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PARIS (Reuters) - Russian President Vladimir Putin dismissed on Tuesday any suggestion that Syrian President Bashar al-Assad's forces were behind a chemical attack that killed scores of people in Idlib province in April.
"According to our information, there is no proof that chemical weapons were used by Assad. We are convinced that he didn't do it," Putin told daily newspaper Le Figaro in an interview.
The remarks came a day after new French President Emmanuel Macron, whose country's intelligence services in April blamed Assad for the Idlib attack, said the use of chemical weapons in Syria was a red line for Paris and would result in reprisals.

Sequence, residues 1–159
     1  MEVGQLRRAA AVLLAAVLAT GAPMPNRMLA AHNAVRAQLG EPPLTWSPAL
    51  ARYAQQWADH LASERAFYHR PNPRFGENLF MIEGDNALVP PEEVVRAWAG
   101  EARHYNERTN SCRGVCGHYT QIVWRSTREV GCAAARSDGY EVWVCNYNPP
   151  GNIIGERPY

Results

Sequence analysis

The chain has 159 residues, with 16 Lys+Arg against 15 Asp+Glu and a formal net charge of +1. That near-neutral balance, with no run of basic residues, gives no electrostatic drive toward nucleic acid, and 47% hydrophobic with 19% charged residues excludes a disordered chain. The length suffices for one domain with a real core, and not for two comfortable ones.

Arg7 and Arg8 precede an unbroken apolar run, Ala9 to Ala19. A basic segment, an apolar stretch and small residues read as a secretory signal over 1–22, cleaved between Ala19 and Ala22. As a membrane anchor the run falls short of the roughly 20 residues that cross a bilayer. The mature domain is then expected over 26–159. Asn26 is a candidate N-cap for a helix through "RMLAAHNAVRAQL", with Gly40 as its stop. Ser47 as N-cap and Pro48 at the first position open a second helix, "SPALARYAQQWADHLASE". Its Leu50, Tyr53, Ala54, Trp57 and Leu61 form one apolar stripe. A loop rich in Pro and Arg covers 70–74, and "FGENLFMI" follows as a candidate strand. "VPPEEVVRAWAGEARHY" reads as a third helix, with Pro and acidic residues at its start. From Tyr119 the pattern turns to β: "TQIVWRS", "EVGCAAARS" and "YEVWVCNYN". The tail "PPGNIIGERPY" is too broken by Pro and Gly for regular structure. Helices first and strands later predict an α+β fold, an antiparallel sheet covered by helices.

Putin said he had offered to arrange inspections of the site in the town of Khan Sheikhoun, but that all the major powers had refused. He said the objective of the allegations had been to discredit Assad and put pressure on him.
It was a way of "explaining to the international community why it was necessary to continue to impose measures to pressure Assad, including militarily," Putin said.
Reporting by John Irish; Editing by Ingrid Melander